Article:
Once a bank grows beyond a certain size or becomes too complex and interconnected, investors often perceive that it is “too big to fail” (TBTF), meaning that if the bank were to become distressed, the government would likely bail it out. In a recent post, I showed that the implicit funding subsidies to systemically important banks (SIBs) declined, on average, after a set of reforms for eliminating TBTF perceptions was implemented. In this post, I discuss whether these subsidies increased again during the COVID-19 pandemic and, if so, whether the increase accrued to large firms in all ...
Liberty Street Economics , Paper 20210211

Discussion Paper
The Impact of Trade Reporting on the Interest Rate Derivatives Market

In recent years, regulators in the United States and abroad have begun to strengthen regulations governing over-the-counter (OTC) derivatives trading, driven by concerns over the decentralized and opaque nature of current trading practices. For example, the Dodd-Frank Act will require U.S.-based market participants to publicly report details of their interest rate derivatives (IRD) trades shortly after those transactions have been executed. Based on an analysis of new and detailed data on the trading activity of major dealers, this post discusses the possible costs and benefits of reporting ...
Liberty Street Economics , Paper 20120430

Journal Article
Financial amplification mechanisms and the Federal Reserve’s supply of liquidity during the crisis

New York Fed economists Asani Sarkar and Jeffrey Shrader examine the Federal Reserve?s recent liquidity actions in the context of studies on financial amplification mechanisms, whereby an initial financial sector shock triggers substantially larger shocks elsewhere in the sector and in the broader economy. Presented at "Central Bank Liquidity Tools and Perspectives on Regulatory Reform" a conference sponsored by the Federal Reserve Bank of New York, February 19-20, 2009.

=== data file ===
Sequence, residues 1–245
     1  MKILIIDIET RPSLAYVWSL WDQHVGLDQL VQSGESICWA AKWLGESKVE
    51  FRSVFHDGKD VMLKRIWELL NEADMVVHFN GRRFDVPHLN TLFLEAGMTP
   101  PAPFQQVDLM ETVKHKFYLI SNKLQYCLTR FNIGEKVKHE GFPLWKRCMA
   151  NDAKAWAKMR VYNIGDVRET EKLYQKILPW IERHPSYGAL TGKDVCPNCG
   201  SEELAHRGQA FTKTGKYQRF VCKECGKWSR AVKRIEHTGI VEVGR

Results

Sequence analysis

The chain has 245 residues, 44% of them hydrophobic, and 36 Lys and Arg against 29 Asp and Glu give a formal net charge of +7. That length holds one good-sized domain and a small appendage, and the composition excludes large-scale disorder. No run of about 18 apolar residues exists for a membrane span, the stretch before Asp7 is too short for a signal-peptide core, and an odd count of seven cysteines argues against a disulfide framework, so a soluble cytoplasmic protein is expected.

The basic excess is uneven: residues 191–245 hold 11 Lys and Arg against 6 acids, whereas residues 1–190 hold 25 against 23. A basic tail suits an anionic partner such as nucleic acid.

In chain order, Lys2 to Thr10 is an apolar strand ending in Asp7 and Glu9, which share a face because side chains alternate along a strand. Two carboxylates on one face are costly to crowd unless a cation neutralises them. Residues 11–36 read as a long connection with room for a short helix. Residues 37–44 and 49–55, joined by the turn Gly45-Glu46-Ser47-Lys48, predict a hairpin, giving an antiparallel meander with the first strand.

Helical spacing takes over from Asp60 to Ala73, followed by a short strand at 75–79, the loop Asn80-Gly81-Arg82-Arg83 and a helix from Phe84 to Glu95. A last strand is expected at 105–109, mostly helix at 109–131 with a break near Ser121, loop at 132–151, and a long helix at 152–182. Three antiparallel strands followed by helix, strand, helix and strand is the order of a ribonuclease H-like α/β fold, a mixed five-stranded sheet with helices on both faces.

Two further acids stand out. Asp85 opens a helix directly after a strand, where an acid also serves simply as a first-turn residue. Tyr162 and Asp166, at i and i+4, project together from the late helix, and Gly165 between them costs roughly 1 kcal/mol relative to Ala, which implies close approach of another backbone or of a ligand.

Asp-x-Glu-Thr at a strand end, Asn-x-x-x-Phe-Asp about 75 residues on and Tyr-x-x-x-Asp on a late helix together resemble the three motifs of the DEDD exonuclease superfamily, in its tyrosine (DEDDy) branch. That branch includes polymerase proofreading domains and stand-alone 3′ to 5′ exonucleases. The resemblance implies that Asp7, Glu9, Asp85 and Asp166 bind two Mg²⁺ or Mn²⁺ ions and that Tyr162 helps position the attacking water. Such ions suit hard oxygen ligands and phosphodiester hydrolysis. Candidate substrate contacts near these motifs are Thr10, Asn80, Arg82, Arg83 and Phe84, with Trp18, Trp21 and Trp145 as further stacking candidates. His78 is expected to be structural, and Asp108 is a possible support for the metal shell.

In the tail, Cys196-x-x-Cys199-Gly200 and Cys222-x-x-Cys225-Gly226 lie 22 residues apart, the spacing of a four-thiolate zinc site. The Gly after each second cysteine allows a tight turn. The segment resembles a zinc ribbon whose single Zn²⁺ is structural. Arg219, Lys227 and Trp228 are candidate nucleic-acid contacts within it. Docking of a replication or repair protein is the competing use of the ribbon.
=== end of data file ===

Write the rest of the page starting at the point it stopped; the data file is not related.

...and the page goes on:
Economic Policy Review , Volume 16 , Issue Aug , Pages 55-74

Journal Article
Components of U.S. financial sector growth, 1950-2013

The U.S. financial sector grew steadily as a share of the total business sector from 1959 until the recent financial crisis, when the trend reversed. In this article, the authors develop measures based on firm-level data to estimate the size of the financial sector and its subsectors relative to the total business (financial and nonfinancial) sector over time. The analysis further sheds light on how these size measures are affected by a firm?s choice of financing (whether public or private), firm size, industry type, use of leverage, and regulation. The authors find that the relative size of ...
Economic Policy Review , Issue Dec , Pages 59-83